Bugatti, one of the most respected names in automobile history, Has come, once again, to mean the highest level of excellence in automotive engineering and design. The almost one-hundred year history falls into three distinct phases. This is a very short version of that passionate, colorful company history.

Bugatti History Phase I

Ettore Isidore Arco Bugatti was born in 1881 in Italy but lived most of his life in France. At the age of just seventeen, he started building and racing cars. His successes caught the attention of investors and in 1909 he started his own firm in Moslheim, a town in Alsace.

Between 1924 and 1927 Bugattis won 1,851 races. By the mid-20s the factory had 1000 employees. In Great Britian the Bugatti was the car of choice for its superb handling on winding, narrow country roads.

In an effort to attract the not-so-wealty automobile buyers, the new Type 40 was introduced in 1926 and a chassis could be purchased for as little as $1,770 in Great Britian.

The Type 40 offered a new touring chassis for the 1628cc 4-cylinder Type 37 engine - shorter and lighter than the frame on the 8-cylinder Type 38. It had the traditional handling of a Bugatti - good steering, excellent brakes, and overall comfort.

Production of the Type 40 ended in 1930, and then only 50 of the Type 40A cars were produced in 1931. Its main feature was an American-style, 2-seat roadster body designed by Jean Bugatti, the son of Etorre Bugatti.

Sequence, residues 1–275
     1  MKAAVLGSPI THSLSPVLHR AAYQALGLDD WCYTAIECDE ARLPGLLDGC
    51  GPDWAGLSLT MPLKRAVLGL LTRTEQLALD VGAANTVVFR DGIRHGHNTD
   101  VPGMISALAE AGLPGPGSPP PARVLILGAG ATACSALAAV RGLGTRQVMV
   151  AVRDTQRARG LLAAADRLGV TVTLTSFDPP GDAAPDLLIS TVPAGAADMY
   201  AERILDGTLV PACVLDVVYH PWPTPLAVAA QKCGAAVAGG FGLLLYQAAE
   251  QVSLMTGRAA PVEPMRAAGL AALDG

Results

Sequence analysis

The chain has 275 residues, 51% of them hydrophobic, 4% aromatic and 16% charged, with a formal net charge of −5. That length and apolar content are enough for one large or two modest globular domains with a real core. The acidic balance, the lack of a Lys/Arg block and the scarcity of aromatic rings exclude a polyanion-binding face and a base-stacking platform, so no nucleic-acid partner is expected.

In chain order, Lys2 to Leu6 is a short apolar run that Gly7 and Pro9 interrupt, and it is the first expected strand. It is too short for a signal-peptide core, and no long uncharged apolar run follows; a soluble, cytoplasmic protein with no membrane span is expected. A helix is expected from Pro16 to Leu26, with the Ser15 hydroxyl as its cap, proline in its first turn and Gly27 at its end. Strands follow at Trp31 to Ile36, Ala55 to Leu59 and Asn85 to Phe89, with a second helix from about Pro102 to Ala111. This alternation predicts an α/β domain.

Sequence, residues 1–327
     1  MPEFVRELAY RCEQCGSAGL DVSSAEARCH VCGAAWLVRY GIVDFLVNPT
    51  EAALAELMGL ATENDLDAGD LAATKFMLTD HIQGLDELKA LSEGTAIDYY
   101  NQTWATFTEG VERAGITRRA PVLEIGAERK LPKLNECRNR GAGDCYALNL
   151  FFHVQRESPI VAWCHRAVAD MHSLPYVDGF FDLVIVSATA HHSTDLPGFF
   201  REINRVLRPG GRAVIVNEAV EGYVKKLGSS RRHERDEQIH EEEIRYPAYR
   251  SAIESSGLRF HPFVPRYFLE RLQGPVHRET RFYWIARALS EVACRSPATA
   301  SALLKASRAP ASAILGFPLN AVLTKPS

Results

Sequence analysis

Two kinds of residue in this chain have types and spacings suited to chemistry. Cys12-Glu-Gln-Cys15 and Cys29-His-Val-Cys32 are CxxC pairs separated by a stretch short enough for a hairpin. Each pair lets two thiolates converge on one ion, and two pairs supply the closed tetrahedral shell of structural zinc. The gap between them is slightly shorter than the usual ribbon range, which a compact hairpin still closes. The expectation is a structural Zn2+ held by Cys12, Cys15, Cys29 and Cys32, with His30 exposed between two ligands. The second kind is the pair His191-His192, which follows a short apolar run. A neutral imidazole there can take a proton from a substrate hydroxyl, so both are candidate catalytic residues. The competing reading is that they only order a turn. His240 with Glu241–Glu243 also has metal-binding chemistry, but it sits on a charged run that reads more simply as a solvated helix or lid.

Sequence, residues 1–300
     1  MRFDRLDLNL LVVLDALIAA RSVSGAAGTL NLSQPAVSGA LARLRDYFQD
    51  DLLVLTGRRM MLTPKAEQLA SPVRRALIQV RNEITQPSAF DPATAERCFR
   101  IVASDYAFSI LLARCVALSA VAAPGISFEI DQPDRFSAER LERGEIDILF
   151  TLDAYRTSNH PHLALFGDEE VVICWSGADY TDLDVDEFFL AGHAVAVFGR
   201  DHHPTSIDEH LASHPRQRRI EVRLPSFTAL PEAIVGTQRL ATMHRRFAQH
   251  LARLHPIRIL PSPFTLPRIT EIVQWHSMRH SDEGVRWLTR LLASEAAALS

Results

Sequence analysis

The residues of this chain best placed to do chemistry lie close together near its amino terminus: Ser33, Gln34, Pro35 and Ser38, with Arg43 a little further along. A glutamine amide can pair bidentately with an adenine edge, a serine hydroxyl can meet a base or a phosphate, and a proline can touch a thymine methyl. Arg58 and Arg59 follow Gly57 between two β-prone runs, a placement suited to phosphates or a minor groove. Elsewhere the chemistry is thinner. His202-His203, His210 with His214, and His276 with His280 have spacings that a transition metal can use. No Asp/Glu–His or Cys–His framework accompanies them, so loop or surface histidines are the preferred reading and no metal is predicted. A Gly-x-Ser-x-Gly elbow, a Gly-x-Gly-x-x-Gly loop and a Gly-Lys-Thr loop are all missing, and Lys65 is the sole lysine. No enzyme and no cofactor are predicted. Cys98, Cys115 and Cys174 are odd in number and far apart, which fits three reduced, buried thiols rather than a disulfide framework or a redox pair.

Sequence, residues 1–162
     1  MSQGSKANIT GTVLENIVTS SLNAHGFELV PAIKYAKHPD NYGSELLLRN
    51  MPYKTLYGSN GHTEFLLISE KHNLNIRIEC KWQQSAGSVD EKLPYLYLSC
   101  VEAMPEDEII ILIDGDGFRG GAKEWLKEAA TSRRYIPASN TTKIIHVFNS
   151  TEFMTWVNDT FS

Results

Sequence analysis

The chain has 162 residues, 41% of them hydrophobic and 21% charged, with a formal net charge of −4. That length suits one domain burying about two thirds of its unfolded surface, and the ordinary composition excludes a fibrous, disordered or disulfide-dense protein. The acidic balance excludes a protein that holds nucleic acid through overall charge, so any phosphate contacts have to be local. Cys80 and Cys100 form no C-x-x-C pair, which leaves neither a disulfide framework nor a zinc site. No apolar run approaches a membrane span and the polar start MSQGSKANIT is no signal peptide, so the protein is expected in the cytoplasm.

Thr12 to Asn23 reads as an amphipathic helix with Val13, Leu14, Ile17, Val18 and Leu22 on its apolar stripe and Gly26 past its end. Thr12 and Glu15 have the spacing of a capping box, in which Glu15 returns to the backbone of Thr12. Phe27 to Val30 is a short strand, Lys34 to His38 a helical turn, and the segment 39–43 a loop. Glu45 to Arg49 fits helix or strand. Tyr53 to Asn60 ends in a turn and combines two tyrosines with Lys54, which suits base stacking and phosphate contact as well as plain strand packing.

The new Bugatti Type 40 engine had a coil instead of a magneto and a lower compression ratio than the Type 37 racing car. The Type 40 could reach a top speed of 75 miles per hour - quite daring for those times and roadways.

World War II took its toll on both the company and Mr. Bugatti and there was very little meaninful production after the War.

  

Bugatti History Phase II

In 1986, Italian entrepreneur, Romano Artioli, purchased the rights to the Bugatti name and logo. Work was begun on a car to rival the design and performance of other exotic cars such as Ferrari and Lamborghini. This time, Bugatti would be an Italian made automobile.

Some say there has never been a car that was more overhyped and over-engineered, but you had to admit that the new Bugatti EB110GT was a great looking supercar. The problem was that EB110GT became available just as the European economy was in a downward spiral and most of the probable clientele canceled their orders.

The project staggered on until 1995 when the company declared bankruptcy, and only a handful of cars were delivered.

Bugatti History Phase III

The trademark rights to Bugatti were purchased by Volkswagen Ag in 1998. In 2001, the decision was made to go into series production of the Bugatti Veyron 16.4 with a maximum of 300 cars. In December of the following year, Bugatti Automobiles S.A.S. was established, a subsidiary of Volkswagen France, with headquarters in Molsheim. And nearly a year to the day thereafter, at the end of 2003, Dr. Thomas Bscher took overall charge of the Bugatti project as the new President of Bugatti Automobiles S.A.S.

In September, 2005, the much-awaited Bugatti Veyron 16.4 went into production with plans of delivering the first new Bugatti before the end of the year.